Other Interesting Tidbits for Researchers and Clinicians

“This study supports the validity of the HCR-20, START, and to a lesser extent, the Static-99R assessments in predicting institutional aggression among patients detained or civilly committed pursuant to the SVP law. Typically, risk assessment instruments have shown lower levels of predictive validity in field studies compared with development studies. However, this does not appear to be the case in this sample of SVPs” (p. 23).

“This study adds to the body of literature supporting the application of structured violence risk assessments across diverse populations in the criminal justice system, and sexual offenders specifically. Beyond the assessment of risk for sexual recidivism, our findings suggest that general violence risk assessment instruments, such as the HCR-20 or START, have a place in the assessment and management of sexual offenders. Indeed, results indicate that instruments designed to assess sexual recidivism risk, and the Static-99R in particular, are limited in their ability to assess risk for general (nonsexual) violence. This is in keeping with the recommendations of the Static-99R authors to administer the Brief Assessment for Recidivism Risk – 2002R (BARR-2002R) for predicting nonsexual violence among sexual offenders, though this is not always done in practice. Consistent with the risk-need-responsivity model, findings suggest that using the HCR-20 or START to identify general violence risk among sexual offenders would benefit case management and treatment, as well as assist in decisions regarding supervision and release. Yet, the contributions of such assessments to clinical practice and, ultimately, violence prevention among sexual offenders remain to be tested in future research” (p. 23).

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Authored by Becca Cheiffetz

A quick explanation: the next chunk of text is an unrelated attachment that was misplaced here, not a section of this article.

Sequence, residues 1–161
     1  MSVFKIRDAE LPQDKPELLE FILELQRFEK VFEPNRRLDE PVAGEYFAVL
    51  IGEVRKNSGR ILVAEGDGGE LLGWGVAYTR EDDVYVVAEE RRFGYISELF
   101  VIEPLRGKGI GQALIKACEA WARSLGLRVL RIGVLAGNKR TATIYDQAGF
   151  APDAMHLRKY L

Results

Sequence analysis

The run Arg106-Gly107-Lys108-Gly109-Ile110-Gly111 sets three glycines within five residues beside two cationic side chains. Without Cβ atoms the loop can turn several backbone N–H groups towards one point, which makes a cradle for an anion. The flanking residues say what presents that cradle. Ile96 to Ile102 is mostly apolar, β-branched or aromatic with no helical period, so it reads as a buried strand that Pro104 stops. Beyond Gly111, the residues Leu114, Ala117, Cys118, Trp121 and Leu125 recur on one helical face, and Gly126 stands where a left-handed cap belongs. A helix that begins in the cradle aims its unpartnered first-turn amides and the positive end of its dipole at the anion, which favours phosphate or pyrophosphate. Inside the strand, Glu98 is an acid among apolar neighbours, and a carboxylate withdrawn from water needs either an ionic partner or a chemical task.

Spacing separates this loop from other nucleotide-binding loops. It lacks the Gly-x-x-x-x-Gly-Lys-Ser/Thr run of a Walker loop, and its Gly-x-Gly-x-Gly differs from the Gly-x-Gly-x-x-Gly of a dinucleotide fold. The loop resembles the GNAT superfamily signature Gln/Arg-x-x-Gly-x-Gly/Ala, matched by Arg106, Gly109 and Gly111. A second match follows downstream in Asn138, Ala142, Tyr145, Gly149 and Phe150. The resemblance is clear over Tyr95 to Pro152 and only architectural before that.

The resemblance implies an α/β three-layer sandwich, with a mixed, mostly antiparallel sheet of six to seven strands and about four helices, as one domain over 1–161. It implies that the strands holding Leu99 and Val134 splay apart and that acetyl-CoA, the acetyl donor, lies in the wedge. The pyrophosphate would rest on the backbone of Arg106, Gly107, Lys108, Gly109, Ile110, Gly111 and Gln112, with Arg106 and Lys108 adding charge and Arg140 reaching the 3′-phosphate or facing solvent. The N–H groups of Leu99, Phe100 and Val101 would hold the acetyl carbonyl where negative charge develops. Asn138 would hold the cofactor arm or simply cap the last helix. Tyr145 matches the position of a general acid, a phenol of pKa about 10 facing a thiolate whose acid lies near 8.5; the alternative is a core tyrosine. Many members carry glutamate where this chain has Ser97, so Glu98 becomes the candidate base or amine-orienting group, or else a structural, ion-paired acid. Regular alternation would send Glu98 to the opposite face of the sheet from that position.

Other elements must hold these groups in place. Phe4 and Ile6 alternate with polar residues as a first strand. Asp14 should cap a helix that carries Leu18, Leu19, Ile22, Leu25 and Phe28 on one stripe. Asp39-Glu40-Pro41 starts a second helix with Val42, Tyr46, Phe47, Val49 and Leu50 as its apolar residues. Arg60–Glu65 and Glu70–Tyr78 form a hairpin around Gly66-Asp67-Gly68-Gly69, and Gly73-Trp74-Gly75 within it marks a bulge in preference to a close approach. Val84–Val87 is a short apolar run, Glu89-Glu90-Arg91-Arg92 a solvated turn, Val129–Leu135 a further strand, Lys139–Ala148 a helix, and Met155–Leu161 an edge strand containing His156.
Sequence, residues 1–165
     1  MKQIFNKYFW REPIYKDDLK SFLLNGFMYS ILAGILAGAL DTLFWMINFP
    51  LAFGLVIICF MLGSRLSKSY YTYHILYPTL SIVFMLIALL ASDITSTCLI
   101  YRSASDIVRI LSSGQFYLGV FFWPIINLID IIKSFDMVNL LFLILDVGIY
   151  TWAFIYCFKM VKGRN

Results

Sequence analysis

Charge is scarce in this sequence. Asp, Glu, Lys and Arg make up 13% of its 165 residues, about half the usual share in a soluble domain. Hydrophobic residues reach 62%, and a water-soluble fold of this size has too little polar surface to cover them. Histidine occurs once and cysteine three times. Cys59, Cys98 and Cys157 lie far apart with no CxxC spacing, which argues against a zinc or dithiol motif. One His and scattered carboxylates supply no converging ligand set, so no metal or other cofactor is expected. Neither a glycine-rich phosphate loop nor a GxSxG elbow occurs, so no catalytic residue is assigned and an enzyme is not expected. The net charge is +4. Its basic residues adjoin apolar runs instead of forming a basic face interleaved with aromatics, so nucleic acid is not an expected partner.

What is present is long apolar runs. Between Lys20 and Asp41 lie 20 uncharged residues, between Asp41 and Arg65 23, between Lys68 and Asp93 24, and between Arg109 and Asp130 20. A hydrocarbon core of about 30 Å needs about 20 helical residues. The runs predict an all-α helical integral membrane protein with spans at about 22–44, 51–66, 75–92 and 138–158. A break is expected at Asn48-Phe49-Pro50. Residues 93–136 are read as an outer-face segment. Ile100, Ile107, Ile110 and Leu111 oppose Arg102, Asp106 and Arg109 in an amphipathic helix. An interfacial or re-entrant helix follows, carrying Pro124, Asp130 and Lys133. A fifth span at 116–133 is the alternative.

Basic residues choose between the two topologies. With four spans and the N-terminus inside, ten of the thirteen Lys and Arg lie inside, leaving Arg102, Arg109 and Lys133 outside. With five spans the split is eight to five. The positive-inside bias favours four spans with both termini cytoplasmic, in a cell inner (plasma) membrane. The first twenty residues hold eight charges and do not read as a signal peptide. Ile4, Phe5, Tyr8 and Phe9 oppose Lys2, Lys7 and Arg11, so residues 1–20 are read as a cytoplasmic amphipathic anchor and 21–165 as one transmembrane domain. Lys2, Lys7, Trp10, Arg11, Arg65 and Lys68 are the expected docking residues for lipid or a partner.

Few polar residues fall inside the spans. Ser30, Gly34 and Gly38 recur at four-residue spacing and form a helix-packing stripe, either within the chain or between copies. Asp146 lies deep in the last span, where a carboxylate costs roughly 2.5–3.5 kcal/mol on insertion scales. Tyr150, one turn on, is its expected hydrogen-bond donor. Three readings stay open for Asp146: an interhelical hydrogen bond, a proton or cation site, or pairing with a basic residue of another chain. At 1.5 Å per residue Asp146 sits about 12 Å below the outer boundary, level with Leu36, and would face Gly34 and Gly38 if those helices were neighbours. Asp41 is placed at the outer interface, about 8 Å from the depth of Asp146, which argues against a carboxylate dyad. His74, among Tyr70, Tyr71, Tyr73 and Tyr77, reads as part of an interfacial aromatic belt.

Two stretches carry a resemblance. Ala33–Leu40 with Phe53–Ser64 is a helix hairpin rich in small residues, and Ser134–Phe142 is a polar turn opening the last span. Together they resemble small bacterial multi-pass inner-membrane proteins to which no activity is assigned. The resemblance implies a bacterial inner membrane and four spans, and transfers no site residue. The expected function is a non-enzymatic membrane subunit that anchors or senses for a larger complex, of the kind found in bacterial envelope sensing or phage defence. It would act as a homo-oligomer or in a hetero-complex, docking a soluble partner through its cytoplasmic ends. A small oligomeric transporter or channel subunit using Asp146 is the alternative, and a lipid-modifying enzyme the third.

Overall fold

publicBecca Cheiffetz is a master’s student in the Forensic Psychology program at John Jay College of Criminal Justice. She graduated in 2015 from Sam Houston State University with a BS in Psychology and plans to continue her studies in a Clinical/Forensic Psychology PhD program in the near future. Her professional interests include providing clinical evaluations and treatment for individuals in prison as a prison psychologist and conducting forensic assessments for defendants in criminal court.

Keep out of trouble: Validation of a risk assessment measure in a correctional sample

Despite high interrater reliability and relative ease of administration, caution is advised when utilizing VRAG–R measure in predicting and managing recidivism risk. This is the bottom line of a recently published article in Law and Human Behavior. Below is a summary of the research and findings as well as a translation of this research into practice.

Featured Article | Law and Human Behavior | 2017, Vol. 41, No. 5, 507–518

A Cross-Validation of the Violence Risk Appraisal Guide—Revised (VRAG–R) Within a Correctional Sample

Authors

Anthony J.J. Glover, Correctional Services Canada, Kingston, Ontario, Canada
Frances P. Churcher, Carleton University
Andrew L. Gray, Simon Fraser University
Jeremy F. Mills, Carleton University
Diane E. Nicholson, Correctional Services Canada, Kingston, Ontario, Canada

Abstract

The Violence Risk Appraisal Guide—Revised (VRAG–R) was developed to replace the original VRAG based on an updated and larger sample with an extended follow-up period. Using a sample of 120 adult male correctional offenders, the current study examined the interrater reliability and predictive and comparative validity of the VRAG–R to the VRAG, the Psychopathy Checklist—Revised, the Statistical Information on Recidivism—Revised, and the Two-Tiered Violence Risk Estimate over a follow-up period of up to 22 years postrelease. The VRAG–R achieved moderate levels of predictive validity for both general and violent recidivism that was sustained over time as evidenced by time-dependent area under the curve (AUC) analysis. Further, moderate predictive validity was evident when the Antisociality item was both removed and then subsequently replaced with a substitute measure of antisociality. Results of the individual item analyses for the VRAG and VRAG–R revealed that only a small number of items are significant predictors of violent recidivism. The results of this study have implications for the application of the VRAG–R to the assessment of violent recidivism among correctional offenders.